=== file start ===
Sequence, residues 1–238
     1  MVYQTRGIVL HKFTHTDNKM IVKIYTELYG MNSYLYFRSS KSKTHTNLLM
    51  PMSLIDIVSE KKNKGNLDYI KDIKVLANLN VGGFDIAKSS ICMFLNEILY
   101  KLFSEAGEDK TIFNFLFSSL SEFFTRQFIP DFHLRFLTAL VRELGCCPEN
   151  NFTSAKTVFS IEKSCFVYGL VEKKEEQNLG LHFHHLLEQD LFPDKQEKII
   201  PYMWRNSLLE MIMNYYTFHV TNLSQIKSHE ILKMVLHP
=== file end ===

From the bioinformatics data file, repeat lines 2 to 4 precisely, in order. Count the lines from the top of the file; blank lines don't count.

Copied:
     1  MVYQTRGIVL HKFTHTDNKM IVKIYTELYG MNSYLYFRSS KSKTHTNLLM
    51  PMSLIDIVSE KKNKGNLDYI KDIKVLANLN VGGFDIAKSS ICMFLNEILY
   101  KLFSEAGEDK TIFNFLFSSL SEFFTRQFIP DFHLRFLTAL VRELGCCPEN